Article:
My File Part V: Searching for Self

This piece was originally written in 2012 as a part of a short series I wrote about exploring my adoption file. I believe this was supposed to be the final piece in the four part series. I have edited it and thought it should be included. 

My File Part I: A Baby’s Biography

My File Part II: Bites Away

My File Part III: Mouse Free

My File Part IV: In Lieu of Birth Certificate

Perhaps looking through the folder I was searching for something that helped explain me, or where I came from. Most of my life I have felt in-genuine, like I wasn’t truly who I am. I felt like I’ve been acting. I was looking through this folder to find me. I wanted to know who I was and the only way I knew how to do it was by trying to find my origin. Who my biological relatives were, where I was born, why I was given up and how I came to be where I am. This folder, the files from SOC SEAD, would surely clear up my true identity.

I felt that something was missing – my origin. Without it I felt I couldn’t properly be myself or understand who I was. This folder would hold these answers and set me free of my journey and allow my true self to take over – to be revealed. Something great, naturally.  After years of looking over that blue folder, finding more scraps of paper and files tucked away in other files and most recently my almost entire adoption application packed away in a plastic Tupperware in our basement I must stop my search. “Discovering” who my biological relatives are, why I was given up….etc will provide no more insight into who I am than I already know. Yes, it would provide some certainty and perhaps relief, but change who I am it would not.

Up until this point in my life I had always felt like my life began when my father landed in India and met me to pick me up and take me back to the United States. Being birthed was not an experience I felt I had been a part of, for there were no stories of it and no recollections on my part.

That illusive indeterminable true identity stares me in the face every time I shave or check myself out in a mirror or puddle.

This isn’t a strategic plan or a novel or a marketing plan. There is no narrative arch to why I am who I am. This is my life. No predetermined purpose, just what has happened to me and how I have reacted.

I’m not quite sure what I was hoping to find when I opened that blue folder, but when I closed it and put back in the Tupperware I felt disappointed and betrayed. Disappointed it had held so little of what I had hoped for. Betrayed by my self for allowing me to believe that answers about my past could be so easily accessed as opening a folder. I spent much of my childhood not allowing myself to think about my life before coming to the U.S. I got my hopes up and got burned the way I had told myself I would and it hurt like hell.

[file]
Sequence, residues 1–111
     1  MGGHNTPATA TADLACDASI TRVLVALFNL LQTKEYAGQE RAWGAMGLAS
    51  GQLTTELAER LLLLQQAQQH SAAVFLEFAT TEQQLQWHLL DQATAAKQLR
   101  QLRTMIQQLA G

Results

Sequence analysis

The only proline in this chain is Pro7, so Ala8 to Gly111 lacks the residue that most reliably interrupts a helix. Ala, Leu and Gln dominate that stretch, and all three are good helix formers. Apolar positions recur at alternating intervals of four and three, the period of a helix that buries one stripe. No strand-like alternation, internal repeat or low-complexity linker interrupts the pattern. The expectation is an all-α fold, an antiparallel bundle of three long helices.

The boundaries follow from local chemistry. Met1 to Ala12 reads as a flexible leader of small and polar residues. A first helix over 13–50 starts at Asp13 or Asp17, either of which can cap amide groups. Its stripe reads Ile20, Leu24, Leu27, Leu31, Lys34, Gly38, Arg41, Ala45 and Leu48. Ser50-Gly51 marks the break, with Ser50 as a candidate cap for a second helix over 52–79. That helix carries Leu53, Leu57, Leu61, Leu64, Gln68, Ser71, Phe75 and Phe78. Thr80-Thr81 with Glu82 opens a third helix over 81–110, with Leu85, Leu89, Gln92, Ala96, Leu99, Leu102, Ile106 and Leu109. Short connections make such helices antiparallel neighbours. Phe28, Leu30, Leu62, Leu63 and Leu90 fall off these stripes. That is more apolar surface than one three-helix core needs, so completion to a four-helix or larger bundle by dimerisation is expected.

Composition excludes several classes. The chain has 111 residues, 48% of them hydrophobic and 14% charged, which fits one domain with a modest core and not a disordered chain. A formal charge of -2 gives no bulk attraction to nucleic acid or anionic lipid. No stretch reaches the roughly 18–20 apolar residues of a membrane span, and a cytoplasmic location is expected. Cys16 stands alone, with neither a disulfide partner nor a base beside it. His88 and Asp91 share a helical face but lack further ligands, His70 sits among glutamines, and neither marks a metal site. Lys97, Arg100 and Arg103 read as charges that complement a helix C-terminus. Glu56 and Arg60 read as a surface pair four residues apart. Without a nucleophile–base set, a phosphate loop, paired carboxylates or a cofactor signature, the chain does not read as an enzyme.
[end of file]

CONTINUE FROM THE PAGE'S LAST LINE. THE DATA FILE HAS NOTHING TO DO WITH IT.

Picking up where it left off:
I opened that folder thinking it could tell me who I am. I wasn’t just looking for information about my life in India I was looking for clues to who I am. It was foolish, yet hopeful. Hopeful that there was still an easy way to resolve my insecurities and the uncertainty that fills my past. There isn’t an easy way, there is no silver bullet. I know this, but exploring the contents of that blue folder was the first time I actually believed it.

5 thoughts on “My File Part V: Searching for Self

  1. My first time on your blog. Got there from TAO’s blog. Your “Files” series had me choking up. I am a first generation Indian American who adopted domestically here in the US. I have read many adoptee blogs but your writing affects me in a way no other blog has. Thank you for letting us peek into your world.

    Liked by 1 person

      1. I just finished reading every single entry on your blog and my heart was racing by the time I read the last one. I love how well you can articulate what you are going through.

        Liked by 1 person

      2. Thank you so much Laksh! What kind words. I’m glad it comes across clearly, it doesn’t feel nearly as clear in my head but that’s one major reason why I write, to try to clear things up.


      3. It is a veritable treasure for parents like me who can only conjecture what our children must go through figuring out their identity. I know of atleast four couples in my life who can benefit by reading and following you.

        Liked by 1 person

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